English as She Is Spoke by José Da Fonseca & Pedro Carolino, edited by Paul Collins. McSweeney’s Books, 1855.
Sarah: In 1855, two Portuguese guys decided to write a Portuguese-English phrasebook, the drawback being that neither of them spoke English and neither had access to any Portuguese-English dictionaries. So they used a Portuguese-French dictionary and and French-English dictionary to create their phrasebook.
S: And they published it. This is a reprint of that book, which immediately became an early comedy hit. Because it is hilarious.
G: Unintentionally hilarious?
S: Unintentionally hilarious. You do have to remember… well, like when you read Bram Stoker’s Dracula and you think “Well, this isn’t that spooky,” but it was the first one. Sometimes if it limps a little, you have to remember it was the original. And this was before machine translation, so they were doing this by hand. It’s artisinal translation.
G: Are we at the point where we’re calling translations artisinal? That’s kind of sad. Continue reading “I Cannot Wait Till Lunchtime”
Citizen Vince by Jess Walter. Harper Perennial, 2008. 9780061577659.
Sarah: So when you first talked about Book Wows, you pitched the idea to me as we grab a book from our collection and talk about why we love it. So this is the first book I thought about, but I didn’t want to start out with it. It’s almost too much for me to talk about. The book is Citizen Vince by Jess Walter.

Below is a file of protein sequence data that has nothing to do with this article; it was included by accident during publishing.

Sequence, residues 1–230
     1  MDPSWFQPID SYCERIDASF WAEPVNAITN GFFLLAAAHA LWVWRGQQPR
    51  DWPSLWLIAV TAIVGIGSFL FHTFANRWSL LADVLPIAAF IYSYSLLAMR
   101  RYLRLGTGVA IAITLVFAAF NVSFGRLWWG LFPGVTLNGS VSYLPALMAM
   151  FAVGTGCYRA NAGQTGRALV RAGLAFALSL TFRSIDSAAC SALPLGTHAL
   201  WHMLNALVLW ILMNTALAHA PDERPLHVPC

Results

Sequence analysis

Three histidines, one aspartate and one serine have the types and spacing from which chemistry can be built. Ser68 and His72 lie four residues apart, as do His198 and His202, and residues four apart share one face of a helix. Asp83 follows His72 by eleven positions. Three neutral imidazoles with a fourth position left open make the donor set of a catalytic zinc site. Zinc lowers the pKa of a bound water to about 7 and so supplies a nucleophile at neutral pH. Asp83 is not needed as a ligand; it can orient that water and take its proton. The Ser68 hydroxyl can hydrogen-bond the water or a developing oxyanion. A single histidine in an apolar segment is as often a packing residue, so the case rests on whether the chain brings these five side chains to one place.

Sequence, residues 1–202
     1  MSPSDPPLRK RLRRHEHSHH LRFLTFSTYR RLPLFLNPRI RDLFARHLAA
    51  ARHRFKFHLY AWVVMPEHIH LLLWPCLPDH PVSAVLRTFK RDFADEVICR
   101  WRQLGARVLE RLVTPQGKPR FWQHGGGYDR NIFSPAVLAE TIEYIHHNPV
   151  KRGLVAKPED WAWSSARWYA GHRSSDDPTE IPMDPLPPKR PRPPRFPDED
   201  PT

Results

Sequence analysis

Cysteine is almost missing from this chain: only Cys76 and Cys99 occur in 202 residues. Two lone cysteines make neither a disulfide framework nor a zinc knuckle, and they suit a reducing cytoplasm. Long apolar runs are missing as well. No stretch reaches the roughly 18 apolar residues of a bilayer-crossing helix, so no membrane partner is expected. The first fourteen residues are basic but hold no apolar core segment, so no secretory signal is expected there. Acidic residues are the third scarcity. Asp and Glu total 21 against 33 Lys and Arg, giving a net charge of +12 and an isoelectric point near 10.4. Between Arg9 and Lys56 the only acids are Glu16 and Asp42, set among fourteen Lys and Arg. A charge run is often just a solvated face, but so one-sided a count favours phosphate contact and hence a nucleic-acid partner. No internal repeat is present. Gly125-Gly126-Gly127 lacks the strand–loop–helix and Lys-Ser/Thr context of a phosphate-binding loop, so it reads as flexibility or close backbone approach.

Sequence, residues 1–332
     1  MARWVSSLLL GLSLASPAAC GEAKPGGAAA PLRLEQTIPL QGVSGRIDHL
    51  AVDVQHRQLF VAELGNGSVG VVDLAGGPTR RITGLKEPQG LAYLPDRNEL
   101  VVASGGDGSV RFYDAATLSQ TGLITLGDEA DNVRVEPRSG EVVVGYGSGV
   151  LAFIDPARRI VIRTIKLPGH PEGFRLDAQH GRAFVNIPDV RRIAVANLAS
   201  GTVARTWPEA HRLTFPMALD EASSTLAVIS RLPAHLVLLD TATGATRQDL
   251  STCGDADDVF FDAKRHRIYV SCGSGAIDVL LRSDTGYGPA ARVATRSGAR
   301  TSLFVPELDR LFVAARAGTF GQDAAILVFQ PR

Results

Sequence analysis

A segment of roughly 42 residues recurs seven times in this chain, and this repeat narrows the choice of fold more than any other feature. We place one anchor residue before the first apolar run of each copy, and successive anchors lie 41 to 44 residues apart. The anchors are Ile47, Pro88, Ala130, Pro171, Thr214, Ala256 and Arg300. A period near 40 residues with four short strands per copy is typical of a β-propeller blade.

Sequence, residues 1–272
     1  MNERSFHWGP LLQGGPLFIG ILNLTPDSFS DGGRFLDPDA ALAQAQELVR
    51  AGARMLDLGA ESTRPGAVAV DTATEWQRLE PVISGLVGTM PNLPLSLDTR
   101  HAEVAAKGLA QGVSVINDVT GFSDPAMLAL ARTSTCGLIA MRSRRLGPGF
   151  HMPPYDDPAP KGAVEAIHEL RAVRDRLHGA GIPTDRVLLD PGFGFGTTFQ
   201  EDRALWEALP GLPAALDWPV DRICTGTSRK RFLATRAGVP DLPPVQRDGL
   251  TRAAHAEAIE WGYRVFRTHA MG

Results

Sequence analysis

S: It’s the first or second book by him that I read.
G: He was a journalist somewhere in Washington state, I think — he’s somewhat local, right?
S: He still lives in Spokane.
G: He used to work with my friend Jonathan. I was at a party at Jonathan’s house and he and another reporter talked about how Jess Walter had escaped journalism much like librarians talk about those who escape the library.
S: Walter and Sherman Alexie do this podcast together, it went on hiatus while Alexie was ill, but it’s rumored that it’s coming back. It’s so good: two really smart guys who are incredibly good writers interviewing other writers they like. It is the best way to get to know authors that you need to read.
G: So tell me about this book. Is it a mystery? Continue reading “Mrs Vince Camden Written on a Pee Chee”
The Sacred Heart: An Atlas of the Body Seen Through Invasive Surgery by Max Aguilera-Hellweg. Bulfinch Press, 1997. 9780821223772. 128pp.
Gene: This is a Wow, but it’s also potentially an Ick. What I love about sharing books with you is that I’m digging into books that I’ve kept for a long time and asking myself why I’ve kept them, and if they’re worth hanging on to. This book freaks me out.
G: It’s photographs of surgery. I’ve looked at it so many times, but so quickly, that I didn’t realize before the other day that a lot of the pictures are of the same surgery. I never read the essay before (I did a little this time) because the photos take over my brain and then I have to stop looking at it. Continue reading “The Big Book of Surgery”
A Dictionary of the Underworld, British and American, Being the Vocabularies of Crooks, Criminals, Racketeers, Beggars and Tramps, Convicts, The Commercial Underworld, The Drug Traffic, The White Slave Traffic, Spivs by Eric Partridge. Bonanza Books, 1961.